Thursday, June 21, 2007

"Hide & Seek" --- SOLD

I remember vividly playing hide and seek as a kid, and this set-up reminded me of it. My favorite part is the apple on the right. There's something about it...

I was doing some research yesterday, for my workshops, about the rule of thirds vs. the golden section. They're actually a bit different, but most art books/sites talk about them as if they were the same. I would appreciate any insight on this from other artists. Personally I think they're close enough, and art loose enough, for it not to matter much, but it's interesting nonetheless.


drips of paint said...

Hi Carol

great design
great brushwork
great color harmony

Have I miss out anything....
oh yes... great painting


Leslie Hawes said...

My trusty dictionary says:

golden section: In esthetics, the division of a line or figure so that the smaller length is to the larger as the larger is to the whole, roughly a ratio of 3 to 5.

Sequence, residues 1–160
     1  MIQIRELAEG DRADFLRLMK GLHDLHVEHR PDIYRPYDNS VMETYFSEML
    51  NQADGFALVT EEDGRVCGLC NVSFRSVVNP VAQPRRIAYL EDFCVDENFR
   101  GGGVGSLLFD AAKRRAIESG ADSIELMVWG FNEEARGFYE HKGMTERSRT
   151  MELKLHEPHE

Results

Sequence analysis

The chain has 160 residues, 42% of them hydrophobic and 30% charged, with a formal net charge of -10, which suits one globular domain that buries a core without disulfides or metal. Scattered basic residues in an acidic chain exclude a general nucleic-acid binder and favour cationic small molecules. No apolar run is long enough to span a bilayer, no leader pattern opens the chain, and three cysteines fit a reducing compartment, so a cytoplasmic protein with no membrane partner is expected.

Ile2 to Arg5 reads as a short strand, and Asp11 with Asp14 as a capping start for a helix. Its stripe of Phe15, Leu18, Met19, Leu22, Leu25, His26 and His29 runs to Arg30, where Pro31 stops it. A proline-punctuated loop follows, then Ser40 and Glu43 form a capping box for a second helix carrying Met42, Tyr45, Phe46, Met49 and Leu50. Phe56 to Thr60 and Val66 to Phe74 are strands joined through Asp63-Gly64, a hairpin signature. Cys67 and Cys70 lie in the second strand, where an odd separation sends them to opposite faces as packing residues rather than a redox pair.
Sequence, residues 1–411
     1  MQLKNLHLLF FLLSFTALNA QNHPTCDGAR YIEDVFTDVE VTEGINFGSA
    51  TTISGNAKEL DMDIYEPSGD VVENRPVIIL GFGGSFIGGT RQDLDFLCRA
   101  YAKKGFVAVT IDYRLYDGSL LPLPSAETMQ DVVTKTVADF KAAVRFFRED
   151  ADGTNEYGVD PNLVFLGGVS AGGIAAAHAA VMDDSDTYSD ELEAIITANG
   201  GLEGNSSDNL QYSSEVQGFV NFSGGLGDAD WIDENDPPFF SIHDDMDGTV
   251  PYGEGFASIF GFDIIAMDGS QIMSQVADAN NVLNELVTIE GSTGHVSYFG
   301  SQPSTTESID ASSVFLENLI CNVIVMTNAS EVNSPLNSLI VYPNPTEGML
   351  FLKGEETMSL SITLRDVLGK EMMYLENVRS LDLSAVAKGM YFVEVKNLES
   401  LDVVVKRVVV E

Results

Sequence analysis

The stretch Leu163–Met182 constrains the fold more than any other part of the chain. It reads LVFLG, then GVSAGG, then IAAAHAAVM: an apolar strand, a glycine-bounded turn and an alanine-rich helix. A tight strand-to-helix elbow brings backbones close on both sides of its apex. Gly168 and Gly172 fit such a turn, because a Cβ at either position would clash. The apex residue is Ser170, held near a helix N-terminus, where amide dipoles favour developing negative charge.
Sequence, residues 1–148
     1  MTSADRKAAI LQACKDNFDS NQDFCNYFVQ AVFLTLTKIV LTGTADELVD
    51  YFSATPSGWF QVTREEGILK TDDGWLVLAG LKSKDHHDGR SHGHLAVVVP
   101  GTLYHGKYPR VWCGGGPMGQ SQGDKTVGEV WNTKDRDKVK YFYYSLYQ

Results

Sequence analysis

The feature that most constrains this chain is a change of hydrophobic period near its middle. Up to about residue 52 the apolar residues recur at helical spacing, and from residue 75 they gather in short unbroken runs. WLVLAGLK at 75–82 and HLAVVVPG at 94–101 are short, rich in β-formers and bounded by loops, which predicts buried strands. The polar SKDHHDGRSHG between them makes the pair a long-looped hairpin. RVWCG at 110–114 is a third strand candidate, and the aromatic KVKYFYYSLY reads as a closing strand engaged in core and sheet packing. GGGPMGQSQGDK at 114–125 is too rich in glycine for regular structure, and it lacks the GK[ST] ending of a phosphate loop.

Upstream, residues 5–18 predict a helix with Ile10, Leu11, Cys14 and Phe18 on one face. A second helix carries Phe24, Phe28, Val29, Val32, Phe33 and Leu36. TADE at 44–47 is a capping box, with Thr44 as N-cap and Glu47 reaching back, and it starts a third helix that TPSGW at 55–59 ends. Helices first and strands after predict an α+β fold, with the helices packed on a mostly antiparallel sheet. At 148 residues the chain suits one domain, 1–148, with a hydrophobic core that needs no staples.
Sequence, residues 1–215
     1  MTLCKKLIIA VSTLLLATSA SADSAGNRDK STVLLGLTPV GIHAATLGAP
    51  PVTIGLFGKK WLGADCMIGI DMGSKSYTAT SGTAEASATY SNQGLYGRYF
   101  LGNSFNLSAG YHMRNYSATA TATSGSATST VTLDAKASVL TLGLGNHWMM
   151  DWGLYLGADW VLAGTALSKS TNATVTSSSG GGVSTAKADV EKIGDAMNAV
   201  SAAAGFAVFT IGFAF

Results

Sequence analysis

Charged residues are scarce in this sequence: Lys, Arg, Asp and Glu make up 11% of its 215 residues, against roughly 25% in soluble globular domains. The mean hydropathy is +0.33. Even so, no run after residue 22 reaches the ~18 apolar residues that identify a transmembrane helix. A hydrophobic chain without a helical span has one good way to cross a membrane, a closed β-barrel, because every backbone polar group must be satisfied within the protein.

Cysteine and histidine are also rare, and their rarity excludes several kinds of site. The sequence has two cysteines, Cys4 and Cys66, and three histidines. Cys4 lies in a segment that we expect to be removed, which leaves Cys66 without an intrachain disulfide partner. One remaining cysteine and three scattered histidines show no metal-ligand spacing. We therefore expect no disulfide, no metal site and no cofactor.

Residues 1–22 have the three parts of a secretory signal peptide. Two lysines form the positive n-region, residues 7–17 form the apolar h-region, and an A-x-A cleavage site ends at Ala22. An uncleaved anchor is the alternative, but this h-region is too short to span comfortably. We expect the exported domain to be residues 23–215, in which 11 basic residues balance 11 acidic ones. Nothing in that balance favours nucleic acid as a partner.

rule of three: The rule for finding one of the four terms of a proportion when three terms are given. It states that the product of the second and third terms is equal to the product of the first and fourth terms of a proportion: sometimes called proportion.

I have yet to meet a client that takes me to task on my adherence to golden section or rule of three guidelines. They usually say, "Oh, I like that!"

And the first time I read the definition of golden section, my head almost fell off. I wouldn't know where to begin to follow that rule!

Thanks for the beautiful paintings.

I have lived in Austin and Bastrop. Great area.

Karen Appleton said...

I have a book on the artist Gustave Caillebotte which explains his very interesting and indepth use of the Golden Section. Especially in his painting 'Paris Street; Rainy Day'. He divided, and sub-divided and sub-divided this canvas into multiple Golden Sections and every point of each rectangle is used to place a head or foot or building. It is really facinating. This is a link to the painting